People with niche skillsets such as; DevOps and Software Engineers have so much choice now. This has, in turn, increased the competition between companies. Everyone is trying so hard to attract such a small pool of talent. It’s vital for businesses to work on their brand and find new ways of standing out such as; holding events and writing blogs. A role has become so much more than just salary now – people want flexibility, culture and other benefits that will improve their work-life balance.

TR: How do you think the role of tech teams in businesses has changed over recent years?

OG: From what I have seen, tech teams are becoming the centre of businesses. Digital transformation and the constantly evolving world of technology is driving so many assets of life, that it has become essential for all businesses to advance along with these changes.

Businesses now need tech skills in order to be successful in their digital transformations, therefore tech teams are becoming increasingly empowered and involved in key business decisions.

TR: How do you think businesses can adapt to the ever-changing digital world that we live in?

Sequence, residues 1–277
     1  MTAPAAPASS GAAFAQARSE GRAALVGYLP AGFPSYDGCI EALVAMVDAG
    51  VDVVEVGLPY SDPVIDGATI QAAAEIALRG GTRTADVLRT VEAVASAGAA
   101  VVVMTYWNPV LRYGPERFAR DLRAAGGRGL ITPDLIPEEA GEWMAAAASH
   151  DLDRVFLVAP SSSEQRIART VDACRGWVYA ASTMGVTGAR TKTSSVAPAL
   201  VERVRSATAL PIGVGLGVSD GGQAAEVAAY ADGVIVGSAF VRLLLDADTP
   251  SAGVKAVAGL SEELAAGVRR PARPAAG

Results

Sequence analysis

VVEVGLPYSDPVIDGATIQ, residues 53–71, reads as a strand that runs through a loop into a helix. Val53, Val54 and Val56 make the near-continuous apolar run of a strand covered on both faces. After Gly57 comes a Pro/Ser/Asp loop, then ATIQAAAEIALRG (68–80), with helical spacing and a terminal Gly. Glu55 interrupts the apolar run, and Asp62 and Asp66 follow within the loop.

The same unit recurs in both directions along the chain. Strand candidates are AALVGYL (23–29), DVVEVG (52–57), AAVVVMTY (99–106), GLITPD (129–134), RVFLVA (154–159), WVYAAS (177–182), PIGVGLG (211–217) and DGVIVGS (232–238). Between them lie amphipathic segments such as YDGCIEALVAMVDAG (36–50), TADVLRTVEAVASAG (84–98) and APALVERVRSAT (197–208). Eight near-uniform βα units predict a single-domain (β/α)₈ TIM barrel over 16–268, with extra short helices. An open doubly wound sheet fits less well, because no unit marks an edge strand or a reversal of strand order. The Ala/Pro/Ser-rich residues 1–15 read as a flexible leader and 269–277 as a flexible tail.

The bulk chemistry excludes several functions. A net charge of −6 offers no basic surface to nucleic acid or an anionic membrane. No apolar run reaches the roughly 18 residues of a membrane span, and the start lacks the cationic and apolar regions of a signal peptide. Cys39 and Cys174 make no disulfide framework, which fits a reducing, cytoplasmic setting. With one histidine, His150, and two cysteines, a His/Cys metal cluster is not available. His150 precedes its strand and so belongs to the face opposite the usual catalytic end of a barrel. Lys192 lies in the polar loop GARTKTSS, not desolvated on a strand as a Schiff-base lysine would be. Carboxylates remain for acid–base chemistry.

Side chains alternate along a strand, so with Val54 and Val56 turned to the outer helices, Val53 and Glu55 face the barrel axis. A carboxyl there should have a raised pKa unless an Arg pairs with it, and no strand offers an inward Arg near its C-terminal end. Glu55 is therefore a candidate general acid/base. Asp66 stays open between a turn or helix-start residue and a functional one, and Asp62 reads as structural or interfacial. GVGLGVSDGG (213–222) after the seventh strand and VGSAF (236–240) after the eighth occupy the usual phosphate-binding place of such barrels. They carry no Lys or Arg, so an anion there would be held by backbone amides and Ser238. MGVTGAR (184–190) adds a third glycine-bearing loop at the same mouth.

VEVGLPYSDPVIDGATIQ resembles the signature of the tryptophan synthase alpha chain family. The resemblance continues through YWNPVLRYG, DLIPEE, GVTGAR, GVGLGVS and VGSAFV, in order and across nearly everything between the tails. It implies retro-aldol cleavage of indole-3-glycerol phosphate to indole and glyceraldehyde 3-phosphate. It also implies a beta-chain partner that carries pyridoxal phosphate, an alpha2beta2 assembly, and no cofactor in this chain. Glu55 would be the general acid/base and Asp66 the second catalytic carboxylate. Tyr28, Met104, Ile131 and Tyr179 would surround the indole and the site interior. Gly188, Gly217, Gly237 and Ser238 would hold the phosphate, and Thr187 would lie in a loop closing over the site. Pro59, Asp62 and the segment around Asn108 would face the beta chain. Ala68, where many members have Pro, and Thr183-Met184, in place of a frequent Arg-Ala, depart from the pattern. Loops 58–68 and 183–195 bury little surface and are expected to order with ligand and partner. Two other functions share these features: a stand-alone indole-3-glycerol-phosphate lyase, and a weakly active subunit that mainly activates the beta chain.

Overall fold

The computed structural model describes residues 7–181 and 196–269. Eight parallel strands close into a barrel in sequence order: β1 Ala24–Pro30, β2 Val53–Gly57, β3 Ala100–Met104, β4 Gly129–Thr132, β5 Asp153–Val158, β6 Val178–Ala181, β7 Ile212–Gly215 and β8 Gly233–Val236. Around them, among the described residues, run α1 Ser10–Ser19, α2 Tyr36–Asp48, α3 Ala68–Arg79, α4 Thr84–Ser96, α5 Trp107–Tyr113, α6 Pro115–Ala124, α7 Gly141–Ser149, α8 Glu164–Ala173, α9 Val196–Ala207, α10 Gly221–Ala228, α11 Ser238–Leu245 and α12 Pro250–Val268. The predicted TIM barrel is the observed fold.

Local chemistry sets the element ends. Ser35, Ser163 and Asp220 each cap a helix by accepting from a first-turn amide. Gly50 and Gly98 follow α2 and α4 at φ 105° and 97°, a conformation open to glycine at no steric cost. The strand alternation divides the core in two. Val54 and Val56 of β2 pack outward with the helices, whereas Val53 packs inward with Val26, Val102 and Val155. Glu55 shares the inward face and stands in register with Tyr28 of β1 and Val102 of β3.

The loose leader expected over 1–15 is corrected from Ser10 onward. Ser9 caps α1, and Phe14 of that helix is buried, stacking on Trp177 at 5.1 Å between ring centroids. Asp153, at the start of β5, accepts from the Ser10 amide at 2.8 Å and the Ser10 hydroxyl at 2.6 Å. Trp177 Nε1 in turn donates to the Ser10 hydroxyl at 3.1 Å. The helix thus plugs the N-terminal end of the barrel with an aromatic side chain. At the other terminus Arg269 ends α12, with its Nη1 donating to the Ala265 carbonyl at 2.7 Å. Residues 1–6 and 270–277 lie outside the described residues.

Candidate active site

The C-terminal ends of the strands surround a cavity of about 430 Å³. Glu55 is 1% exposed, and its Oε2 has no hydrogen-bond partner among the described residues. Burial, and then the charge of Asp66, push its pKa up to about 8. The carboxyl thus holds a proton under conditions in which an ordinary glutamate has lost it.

OG: It’s so important for all businesses, whether you’re a startup or have been around for 50 years, to embrace digital changes. There’s no denying the digital landscape will continue to evolve and if businesses refuse to evolve along with it, they will eventually fall behind – if they want to survive, they have to adapt.

It’s about employing a mindset shift across the business, looking at their business in new ways. Starting to think about how these incredible advancements in technology can improve service and product offerings.

However, it’s also key to conduct thorough research before starting on a digital transformation journey. Ensure that the business is prepared and everyone across the business is aware of changes.

TR: Finally, do you have any advice for those looking to start their career in tech?

OG: Be excited! Think about what it is that you’d like to start out with. This might not be what you continue to do, but it’s good to have an idea of what you think you might enjoy. There are so many opportunities available that if you start now, you have the luxury of trying things out to see if they’re suited to you.

Also, believe in yourself! You might think that you’re not the most technical of people but if it’s something you really want to pursue, then try to gain as much knowledge as possible. There are plenty of learning sources out there, from online communities to meetups and conferences.

Due to the nature of most IT jobs, being so detail-oriented, it’s sometimes a good idea to take a step back and look at the big picture. Have a think – are you where you want to be? If not, refine your skills – this will help you to stand out at the ecosystem grows.

If you’d like to be involved in our next Q&A, get in touch with us today!